As climate change intensifies, the capacity of organisms to adapt to changing environments becomes increasingly relevant. Heat-induced coral bleaching –the breakdown of the symbiotic association between coral hosts and photosynthetic algae of the family Symbiodiniaceae– is rapidly degrading reefs worldwide. Hence, there is a growing interest to study symbioses that can persist in extreme conditions. The Red Sea is such a place, known as one of the hottest seas where healthy coral reef systems thrive. Here (Chapter 1), we tested the potential of symbiont manipulation as means to improve the thermal resilience of the cnidarian holobiont, particularly using heat tolerant symbiont species from the Red Sea. We used clonal lineages of the model system Aiptasia (host and symbiont), originating from different thermal environments to assess how interchanging either partner affected their short- and long-term performance under heat stress. Our findings revealed that symbioses are not only intra-specific but have also adapted to native, local environments, thus potentially limiting the acclimation capacity of symbiotic cnidarians to climate change. As such, infection with more heat resistant species, even if native, might not necessarily improve thermotolerance of the holobiont. We further investigated (Chapter 2) how environment-dependent specificity, in this case elevated temperature, affects the establishment of novel symbioses. That is, if Aiptasia hosts are, despite exhibiting a high degree of partner fidelity, capable of acquiring more thermotolerant symbionts under stress conditions. Thus, we examined the infection dynamics of multi-species symbioses under different thermal environments and assessed their performance to subsequent heat stress. We showed that temperature, more than host identity, plays a critical role in symbiont uptake and overall performance when heatchallenged. Additionally, we found that pre-exposure to high temperature plays a fundamental role in improving the response to thermal stress, yet, this can be heavily influenced by other factors like feeding. Like climate change, ocean acidification is a serious threat to corals. Yet, most research has focused on the host and little is known for the algal partner. Thus, here we studied (Chapter 3) the global transcriptomic response of an endosymbiotic dinoflagellate to long-term seawater acidification stress. Our results revealed that despite observing an enrichment of processes related to photosynthesis and carbon fixation, which might seem beneficial to the symbiont, low pH has a detrimental effect on its photo-physiology. Taken together, this dissertation provides valuable insights into the responses of symbiotic cnidarians to future climate and ocean changes.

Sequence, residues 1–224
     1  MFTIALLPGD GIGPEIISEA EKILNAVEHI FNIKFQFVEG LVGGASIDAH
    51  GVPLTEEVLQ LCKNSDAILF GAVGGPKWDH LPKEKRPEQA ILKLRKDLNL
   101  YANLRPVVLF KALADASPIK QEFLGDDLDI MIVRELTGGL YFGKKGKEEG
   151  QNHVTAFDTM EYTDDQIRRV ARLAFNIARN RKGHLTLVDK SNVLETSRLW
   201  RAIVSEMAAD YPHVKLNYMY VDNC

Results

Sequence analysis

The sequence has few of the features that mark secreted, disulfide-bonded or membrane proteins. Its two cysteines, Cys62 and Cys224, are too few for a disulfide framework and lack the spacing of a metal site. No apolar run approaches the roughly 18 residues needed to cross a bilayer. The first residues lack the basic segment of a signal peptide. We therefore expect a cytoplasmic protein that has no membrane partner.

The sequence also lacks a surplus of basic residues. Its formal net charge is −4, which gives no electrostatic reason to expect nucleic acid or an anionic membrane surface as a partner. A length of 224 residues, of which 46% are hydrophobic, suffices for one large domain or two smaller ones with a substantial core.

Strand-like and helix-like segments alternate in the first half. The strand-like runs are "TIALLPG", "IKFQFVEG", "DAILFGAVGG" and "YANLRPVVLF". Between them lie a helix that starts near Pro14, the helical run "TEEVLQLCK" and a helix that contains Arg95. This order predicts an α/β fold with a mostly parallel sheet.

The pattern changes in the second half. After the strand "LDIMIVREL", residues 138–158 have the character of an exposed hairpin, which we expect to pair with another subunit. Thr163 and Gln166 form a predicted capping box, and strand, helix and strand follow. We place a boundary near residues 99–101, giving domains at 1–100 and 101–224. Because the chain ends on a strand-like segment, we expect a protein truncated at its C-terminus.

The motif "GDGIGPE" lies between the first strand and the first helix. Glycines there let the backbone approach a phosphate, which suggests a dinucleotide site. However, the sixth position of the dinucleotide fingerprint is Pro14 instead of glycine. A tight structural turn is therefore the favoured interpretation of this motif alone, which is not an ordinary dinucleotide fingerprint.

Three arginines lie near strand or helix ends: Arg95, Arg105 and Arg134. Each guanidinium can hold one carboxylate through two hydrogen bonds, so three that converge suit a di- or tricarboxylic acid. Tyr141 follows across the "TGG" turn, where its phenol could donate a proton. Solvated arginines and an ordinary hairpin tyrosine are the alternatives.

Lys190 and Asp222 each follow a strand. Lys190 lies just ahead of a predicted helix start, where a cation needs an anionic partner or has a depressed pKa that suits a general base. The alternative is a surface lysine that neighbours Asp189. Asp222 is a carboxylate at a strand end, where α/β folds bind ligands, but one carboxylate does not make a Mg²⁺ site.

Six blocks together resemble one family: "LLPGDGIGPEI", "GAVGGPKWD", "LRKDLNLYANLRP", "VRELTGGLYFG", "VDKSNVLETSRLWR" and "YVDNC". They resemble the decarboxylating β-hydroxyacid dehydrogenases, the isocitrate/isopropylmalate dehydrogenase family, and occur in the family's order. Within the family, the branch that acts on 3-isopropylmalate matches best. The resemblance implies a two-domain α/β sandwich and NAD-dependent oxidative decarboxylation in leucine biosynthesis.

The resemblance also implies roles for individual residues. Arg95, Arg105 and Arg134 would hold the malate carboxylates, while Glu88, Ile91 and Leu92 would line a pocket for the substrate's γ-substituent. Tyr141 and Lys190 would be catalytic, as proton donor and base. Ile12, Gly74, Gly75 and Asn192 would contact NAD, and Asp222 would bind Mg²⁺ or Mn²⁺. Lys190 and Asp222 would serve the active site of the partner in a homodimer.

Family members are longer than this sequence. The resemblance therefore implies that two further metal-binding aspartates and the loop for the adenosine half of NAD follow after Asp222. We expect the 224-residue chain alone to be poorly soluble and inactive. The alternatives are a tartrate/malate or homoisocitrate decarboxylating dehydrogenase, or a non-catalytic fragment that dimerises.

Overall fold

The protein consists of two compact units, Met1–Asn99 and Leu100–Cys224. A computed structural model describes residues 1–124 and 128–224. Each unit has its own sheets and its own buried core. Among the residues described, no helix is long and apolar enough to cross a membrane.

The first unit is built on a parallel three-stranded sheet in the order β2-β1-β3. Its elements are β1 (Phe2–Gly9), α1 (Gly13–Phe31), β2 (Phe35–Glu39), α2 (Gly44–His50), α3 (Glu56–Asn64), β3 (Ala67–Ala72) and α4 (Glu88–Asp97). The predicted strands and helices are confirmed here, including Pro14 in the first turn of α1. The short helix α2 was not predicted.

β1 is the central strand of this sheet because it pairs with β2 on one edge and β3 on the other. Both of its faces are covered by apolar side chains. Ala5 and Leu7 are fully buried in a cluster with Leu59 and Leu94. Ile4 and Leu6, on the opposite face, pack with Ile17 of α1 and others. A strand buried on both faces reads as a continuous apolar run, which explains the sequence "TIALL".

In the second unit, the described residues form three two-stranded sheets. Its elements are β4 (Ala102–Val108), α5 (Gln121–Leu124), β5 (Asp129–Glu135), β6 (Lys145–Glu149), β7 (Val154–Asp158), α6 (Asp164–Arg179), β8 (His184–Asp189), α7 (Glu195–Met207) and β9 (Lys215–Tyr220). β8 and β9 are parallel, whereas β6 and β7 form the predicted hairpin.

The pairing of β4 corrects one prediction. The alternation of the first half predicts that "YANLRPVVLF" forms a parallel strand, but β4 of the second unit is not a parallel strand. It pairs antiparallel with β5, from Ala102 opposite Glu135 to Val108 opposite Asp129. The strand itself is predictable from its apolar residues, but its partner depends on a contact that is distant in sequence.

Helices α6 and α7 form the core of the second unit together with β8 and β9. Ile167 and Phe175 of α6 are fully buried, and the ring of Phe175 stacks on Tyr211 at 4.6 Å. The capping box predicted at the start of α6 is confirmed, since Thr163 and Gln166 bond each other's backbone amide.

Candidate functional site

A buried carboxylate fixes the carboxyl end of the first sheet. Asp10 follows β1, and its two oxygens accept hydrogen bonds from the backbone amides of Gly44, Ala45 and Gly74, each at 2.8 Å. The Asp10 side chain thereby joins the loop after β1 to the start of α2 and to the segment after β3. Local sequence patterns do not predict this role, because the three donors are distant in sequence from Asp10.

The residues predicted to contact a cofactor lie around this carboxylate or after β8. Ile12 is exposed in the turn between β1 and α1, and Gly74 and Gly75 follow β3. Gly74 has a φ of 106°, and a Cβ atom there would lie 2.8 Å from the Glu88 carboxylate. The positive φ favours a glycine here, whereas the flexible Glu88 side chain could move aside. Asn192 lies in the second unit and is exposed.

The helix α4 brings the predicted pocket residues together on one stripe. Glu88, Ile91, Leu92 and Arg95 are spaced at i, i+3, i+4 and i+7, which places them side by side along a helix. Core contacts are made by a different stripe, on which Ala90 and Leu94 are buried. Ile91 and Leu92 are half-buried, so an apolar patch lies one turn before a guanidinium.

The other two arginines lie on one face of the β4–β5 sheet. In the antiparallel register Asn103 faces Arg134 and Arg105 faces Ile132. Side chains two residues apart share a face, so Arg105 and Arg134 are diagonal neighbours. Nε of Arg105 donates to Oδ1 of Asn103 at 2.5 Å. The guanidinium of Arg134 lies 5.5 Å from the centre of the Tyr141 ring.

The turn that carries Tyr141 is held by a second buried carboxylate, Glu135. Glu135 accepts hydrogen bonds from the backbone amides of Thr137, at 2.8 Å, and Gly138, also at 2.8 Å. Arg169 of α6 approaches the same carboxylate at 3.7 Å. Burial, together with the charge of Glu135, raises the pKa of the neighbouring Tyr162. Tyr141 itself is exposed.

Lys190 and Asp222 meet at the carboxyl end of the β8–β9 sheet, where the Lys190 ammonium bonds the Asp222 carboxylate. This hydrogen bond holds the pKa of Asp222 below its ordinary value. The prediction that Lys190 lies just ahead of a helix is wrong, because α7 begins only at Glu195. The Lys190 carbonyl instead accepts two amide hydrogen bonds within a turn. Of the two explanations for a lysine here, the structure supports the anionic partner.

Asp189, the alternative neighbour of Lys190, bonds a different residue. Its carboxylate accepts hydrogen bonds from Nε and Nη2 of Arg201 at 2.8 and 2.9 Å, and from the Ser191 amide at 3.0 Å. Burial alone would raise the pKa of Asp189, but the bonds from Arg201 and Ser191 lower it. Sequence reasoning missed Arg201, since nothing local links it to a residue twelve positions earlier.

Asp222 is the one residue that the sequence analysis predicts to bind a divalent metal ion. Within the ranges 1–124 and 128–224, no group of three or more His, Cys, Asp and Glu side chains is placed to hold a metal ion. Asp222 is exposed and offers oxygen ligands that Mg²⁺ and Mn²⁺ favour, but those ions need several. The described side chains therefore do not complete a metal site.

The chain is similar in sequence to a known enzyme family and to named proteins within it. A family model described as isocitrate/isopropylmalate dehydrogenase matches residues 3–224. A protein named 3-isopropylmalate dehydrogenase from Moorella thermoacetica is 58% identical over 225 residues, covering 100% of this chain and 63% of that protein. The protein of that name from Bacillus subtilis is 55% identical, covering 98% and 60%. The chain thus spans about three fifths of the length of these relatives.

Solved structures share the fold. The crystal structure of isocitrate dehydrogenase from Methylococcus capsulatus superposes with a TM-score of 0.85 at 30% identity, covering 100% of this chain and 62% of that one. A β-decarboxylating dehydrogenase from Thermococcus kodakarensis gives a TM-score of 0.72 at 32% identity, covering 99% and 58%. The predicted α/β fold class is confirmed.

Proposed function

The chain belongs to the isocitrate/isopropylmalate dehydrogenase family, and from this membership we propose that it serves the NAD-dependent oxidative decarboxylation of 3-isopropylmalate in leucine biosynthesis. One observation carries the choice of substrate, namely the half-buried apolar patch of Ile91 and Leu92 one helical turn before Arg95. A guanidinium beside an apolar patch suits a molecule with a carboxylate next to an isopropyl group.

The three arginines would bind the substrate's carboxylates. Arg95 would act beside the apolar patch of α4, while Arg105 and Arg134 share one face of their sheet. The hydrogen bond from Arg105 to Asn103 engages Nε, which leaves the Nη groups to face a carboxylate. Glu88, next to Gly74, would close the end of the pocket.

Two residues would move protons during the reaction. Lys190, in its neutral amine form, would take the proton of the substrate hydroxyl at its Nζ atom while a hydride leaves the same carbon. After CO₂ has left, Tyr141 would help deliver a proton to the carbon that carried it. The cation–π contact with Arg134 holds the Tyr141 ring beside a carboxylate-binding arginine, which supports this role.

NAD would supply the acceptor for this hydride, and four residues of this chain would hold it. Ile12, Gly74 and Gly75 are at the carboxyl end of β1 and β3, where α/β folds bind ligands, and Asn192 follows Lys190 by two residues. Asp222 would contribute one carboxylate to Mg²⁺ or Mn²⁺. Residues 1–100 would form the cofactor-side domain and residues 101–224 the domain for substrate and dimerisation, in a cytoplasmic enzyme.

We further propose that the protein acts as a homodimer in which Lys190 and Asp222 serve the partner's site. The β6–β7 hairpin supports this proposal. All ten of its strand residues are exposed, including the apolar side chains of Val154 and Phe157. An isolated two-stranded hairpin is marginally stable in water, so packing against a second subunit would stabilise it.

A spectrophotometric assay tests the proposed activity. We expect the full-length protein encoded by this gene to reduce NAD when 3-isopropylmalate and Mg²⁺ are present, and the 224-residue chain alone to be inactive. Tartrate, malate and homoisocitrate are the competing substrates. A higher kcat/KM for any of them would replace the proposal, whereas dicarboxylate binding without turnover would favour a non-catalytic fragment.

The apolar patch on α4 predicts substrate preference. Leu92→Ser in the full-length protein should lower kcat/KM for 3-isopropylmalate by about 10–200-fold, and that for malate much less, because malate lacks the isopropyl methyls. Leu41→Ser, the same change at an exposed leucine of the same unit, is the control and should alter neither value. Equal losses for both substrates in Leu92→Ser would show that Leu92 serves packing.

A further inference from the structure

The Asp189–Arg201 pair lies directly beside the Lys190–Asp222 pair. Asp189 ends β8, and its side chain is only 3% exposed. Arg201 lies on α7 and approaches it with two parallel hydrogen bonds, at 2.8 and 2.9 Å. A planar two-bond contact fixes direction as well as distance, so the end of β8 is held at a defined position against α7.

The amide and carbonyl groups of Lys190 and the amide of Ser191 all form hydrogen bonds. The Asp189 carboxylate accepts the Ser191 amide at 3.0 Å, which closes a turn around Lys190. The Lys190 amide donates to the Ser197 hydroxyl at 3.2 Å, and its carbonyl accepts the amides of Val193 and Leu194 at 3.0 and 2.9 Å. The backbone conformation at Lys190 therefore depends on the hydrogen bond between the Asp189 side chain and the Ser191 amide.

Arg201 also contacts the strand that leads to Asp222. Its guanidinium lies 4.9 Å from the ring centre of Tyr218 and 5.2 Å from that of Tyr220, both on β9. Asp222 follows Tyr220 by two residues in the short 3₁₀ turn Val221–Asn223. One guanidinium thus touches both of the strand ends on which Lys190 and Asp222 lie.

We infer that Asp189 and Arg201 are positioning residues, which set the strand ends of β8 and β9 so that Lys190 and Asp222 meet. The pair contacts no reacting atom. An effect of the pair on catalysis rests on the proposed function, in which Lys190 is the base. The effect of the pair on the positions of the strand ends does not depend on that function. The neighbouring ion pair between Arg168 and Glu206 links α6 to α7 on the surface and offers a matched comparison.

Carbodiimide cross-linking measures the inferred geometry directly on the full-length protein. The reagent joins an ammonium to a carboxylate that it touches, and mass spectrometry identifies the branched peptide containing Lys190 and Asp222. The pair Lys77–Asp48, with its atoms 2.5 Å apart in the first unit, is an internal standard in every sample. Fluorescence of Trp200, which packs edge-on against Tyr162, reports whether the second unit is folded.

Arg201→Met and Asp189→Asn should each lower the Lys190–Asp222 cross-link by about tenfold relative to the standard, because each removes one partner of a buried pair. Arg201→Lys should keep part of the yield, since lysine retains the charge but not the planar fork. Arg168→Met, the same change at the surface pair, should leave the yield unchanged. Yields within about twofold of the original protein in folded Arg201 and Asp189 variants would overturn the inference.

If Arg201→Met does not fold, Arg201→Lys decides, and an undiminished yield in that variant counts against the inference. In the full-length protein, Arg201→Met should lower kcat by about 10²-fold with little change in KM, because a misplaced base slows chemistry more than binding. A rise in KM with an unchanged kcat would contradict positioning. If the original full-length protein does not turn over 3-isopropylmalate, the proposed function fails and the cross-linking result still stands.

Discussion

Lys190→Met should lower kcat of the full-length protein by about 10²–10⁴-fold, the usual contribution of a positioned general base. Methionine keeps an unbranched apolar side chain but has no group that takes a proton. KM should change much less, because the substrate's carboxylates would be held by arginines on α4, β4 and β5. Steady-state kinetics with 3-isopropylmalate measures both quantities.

Continue reading ‘Responses of symbiotic cnidarians to environmental change’

Ocean acidification impact on the grooved carpet shell clam (Ruditapes decussatus)

The grooved carpet shell clam (Ruditapes decussatus) is one of the most economically important mollusks inhabiting Mediterranean lagoons and sandy beaches both from fisheries and aquaculture. The present study aims to study the impact of different levels of acidification on this calcifying organism. Juvenile clams (avg. Shell Length, SL= 23.22 ± 0.84 mm) were incubated in CO2 enriched seawater at four different CO2 concentrations [420 ppm (ambient control), 550 ppm, 750 ppm and 1050 ppm] representing projected atmospheric CO2 concentration scenarios for the year 2100 by IPCC. The studied biological parameters showed slight decrease with increasing pCO2. However, differences were not significant. Standard length decreased as pCO2 concentration increased, with a maximum average decrease of (-0.12) recorded at 750 ppm as compared to the control group. Regarding total weight, the decrease was highest (-0.10) in both 550 and 1050 ppm. Moreover, clams kept at 550 ppm showed the lowest condition index (11.40 ± 1.49) and highest mortality rate of 8%. The study of physiological response showed increase in metabolic rate and ammonia excretion in both 550 ppm and the control 420 ppm groups. Algal feed clearance rate decreased with increasing acidification with highest value in the control (420 ppm) group and lowest average value of 3.34 l/h-1 in the extremely high pCO2 (1050 ppm) group. By the end of century, ocean acidification may exert additional stress on the health of R. decussatus and its economic value.